After this demonstration, which at least was not physically violent, numerous incidents followed. A news-reporter roughed up because he made a joke on-air about Christ. Transsexuals demonstrating for acceptance were attacked. People who looked different were followed in the street and screamed at or assaulted; obviously foreign women were harassed at an alarming rate. A bunch of African soccer players were threatened with pipes by local Georgian guys kicking them off their turf. Fights between political parties – like, fist-fights. Lots of postings on expat websites and Facebook pages advocating for foreigners to “just leave if you don’t like it.” Rumors (still unresolved) about changing residency and citizenship requirements, making it much tougher for foreigners to live here.

There is more, but you get the idea. As a non-Georgian living here, I begin to feel … unwelcome. In 4 years, I’ve never felt that way before, and it’s really alarming. I begin to wonder about my future here. To be clear – I have never encountered anti-foreigner feeling directed at me, personally. But I’ve heard it directed at others, and my empathy is with them, causing me to feel similarly threatened.

Then a major event happened, just in the last few weeks. It’s a very long, complicated and byzantine story, still unwinding and developing, but in a nutshell: Georgian police raided two clubs where electronic music is played and raves happen. I know one of these clubs, and so I know this to be true – they are also havens for homosexuals. It’s also true that there are a lot of drugs consumed and sold at these clubs, and that was the ostensible reason for the raids. As far as I can tell, the police were rough but not abusive. However, there were really, really a lot of them, and they were heavily armed, and young people who see the rave scene as a safe place for freedom of expression felt highly threatened by the state.

Huge demonstrations ensued. You can get an idea here: blob:, and here: Lots of colored smoke, dancing, speeches, etc.

The Georgian nationalist community responded. On May 12th, thousands of men (and it was mostly men) poured into the streets on the second day of the demonstrations. They were violent thugs, determined to break through police lines and assault the peaceful demonstrators. I want to stress that this is a statement of fact – not my opinion. They said that’s what they wanted to do, and as Salome and I watched the tv coverage, both of us sick with fear because we had friends there, that’s exactly what these guys tried to do.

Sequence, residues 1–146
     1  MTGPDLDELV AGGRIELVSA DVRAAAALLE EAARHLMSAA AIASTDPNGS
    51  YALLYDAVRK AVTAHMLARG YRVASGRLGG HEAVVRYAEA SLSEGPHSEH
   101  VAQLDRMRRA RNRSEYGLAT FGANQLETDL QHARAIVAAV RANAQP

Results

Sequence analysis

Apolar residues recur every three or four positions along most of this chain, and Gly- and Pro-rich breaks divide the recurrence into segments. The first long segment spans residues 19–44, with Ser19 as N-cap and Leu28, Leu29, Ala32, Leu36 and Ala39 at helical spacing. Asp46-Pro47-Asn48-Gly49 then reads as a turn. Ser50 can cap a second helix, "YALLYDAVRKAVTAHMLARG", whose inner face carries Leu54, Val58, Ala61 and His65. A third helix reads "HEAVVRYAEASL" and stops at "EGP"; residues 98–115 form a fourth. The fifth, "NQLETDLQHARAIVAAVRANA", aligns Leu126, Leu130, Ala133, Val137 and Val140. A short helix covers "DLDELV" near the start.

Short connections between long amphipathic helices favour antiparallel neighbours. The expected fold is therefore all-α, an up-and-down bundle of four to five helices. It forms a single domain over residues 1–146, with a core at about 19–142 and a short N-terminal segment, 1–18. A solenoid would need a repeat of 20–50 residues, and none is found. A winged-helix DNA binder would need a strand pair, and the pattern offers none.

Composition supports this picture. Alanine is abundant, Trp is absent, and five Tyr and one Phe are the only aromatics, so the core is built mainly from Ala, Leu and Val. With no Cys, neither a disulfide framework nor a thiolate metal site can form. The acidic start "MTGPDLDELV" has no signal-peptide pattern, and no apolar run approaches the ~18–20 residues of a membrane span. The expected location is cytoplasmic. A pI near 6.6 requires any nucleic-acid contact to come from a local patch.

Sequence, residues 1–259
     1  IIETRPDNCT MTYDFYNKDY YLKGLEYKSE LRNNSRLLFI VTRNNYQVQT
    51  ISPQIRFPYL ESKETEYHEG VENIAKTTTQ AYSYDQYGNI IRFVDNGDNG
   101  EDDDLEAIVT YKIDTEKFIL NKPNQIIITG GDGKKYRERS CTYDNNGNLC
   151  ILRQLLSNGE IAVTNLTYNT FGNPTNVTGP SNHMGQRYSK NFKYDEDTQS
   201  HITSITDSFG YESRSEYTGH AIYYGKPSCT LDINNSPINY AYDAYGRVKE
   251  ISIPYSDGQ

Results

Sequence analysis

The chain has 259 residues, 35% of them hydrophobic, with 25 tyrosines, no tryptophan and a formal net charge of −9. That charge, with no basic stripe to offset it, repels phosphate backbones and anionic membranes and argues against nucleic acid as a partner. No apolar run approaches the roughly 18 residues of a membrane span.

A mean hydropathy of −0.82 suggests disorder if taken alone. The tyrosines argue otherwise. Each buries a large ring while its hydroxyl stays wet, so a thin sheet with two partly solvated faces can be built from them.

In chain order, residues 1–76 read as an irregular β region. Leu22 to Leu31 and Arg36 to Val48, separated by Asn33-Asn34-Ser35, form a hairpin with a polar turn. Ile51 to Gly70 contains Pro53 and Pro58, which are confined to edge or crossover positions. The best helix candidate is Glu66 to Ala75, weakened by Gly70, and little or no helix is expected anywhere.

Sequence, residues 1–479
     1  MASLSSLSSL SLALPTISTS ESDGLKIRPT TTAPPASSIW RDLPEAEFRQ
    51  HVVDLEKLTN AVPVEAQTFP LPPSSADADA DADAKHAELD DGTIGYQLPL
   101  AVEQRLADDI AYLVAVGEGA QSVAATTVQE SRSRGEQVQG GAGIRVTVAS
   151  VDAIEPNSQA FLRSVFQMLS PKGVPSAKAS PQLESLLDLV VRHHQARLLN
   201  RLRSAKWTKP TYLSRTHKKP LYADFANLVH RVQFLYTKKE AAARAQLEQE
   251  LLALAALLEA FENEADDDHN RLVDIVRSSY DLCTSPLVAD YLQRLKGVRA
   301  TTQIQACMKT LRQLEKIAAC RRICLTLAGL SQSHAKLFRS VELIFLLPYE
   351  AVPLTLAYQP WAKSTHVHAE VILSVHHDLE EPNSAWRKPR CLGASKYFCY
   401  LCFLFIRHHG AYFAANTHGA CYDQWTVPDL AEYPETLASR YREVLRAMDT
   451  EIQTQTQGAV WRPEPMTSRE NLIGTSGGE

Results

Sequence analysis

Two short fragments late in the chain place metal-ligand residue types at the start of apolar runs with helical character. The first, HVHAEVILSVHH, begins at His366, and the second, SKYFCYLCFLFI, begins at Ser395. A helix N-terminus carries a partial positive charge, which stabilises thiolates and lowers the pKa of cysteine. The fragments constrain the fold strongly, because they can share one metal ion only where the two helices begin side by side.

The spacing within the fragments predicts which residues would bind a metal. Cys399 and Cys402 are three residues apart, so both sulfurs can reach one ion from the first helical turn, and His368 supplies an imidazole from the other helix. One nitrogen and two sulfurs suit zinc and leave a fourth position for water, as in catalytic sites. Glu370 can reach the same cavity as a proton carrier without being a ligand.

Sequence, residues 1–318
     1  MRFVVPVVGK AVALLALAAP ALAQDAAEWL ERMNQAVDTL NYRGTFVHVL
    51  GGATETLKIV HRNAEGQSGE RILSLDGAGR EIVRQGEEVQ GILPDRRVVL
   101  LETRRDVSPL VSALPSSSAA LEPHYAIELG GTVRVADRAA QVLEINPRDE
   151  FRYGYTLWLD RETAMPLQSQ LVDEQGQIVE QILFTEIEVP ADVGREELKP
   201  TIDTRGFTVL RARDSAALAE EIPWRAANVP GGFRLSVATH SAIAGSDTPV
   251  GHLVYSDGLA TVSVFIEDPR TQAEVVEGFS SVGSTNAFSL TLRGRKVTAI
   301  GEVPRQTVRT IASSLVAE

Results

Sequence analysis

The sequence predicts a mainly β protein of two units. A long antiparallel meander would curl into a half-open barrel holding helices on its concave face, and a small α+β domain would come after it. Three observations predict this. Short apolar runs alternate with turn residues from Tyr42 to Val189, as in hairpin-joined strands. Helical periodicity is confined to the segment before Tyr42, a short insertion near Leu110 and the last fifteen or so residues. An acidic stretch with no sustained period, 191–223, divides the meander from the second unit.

They didn’t succeed, and in fact the Ministry of the Interior appeared before the demonstrators and apologized for the raid … the demonstrators were then bused out for their own safety, bringing back memories of the marshutkas from 2013. Further talks between various leaders were agreed upon. So far there’s been no definitive outcome.

The next days brought these images:

This post on the ex-pat FB page:

“Just a heads up. I work next to parliament. Was just returning to the office with a coffee in hand and some belligerent guy on the street said to me unprovoked “dedashevitsi pederasti xar” (roughly translated as “fuck your mother, you fag”, sorry but that’s what he said). Be careful out there if you are in the center, I guess these guys are still pretty angry.”

By May 17th, the scheduled gay rights demonstration was cancelled due to safety concerns. A few extraordinarily brave activists still showed up to exercise their freedom of speech. In spite of a heavy police presence, this happened:

In the meantime, many thousands of people marched for “Family Sanctity Day,” led by priests, the demonstration starting from a point two blocks from where I live. A priest was recorded on TV saying that all of Rustaveli Ave., the main street of Tbilisi, was only for “real Georgians” and no one else was allowed to be on the street that day.

OK. This is where things stand. I don’t know what will happen. I feel the tide turning, not in a good way, but it may turn yet again. There are many people with open hearts and minds in Georgia, with progressive values. But they don’t all seem to fully appreciate the danger. A few weeks ago I went out to dinner with a young Georgian friend. She’s very, very smart, very hard-working and accomplished, and very progressive. She laughed at these neo-Nazi groups, saying they could not be taken seriously. I warned her not to ignore what is happening. I referenced the early 1930s in Germany. I talked about Trump. I said that people like her had to take it seriously, because they are the hope for the future. I think she listened to me.

On May 12th, this friend was at the demonstration. We texted the whole night; I was quite worried about her. She answered me: “They will not scare us. We are a lot here. And we are not violent. March (the nationalists) is violent and they will not win. March is not the state we would like to build.” I pray for my adopted country that she is right.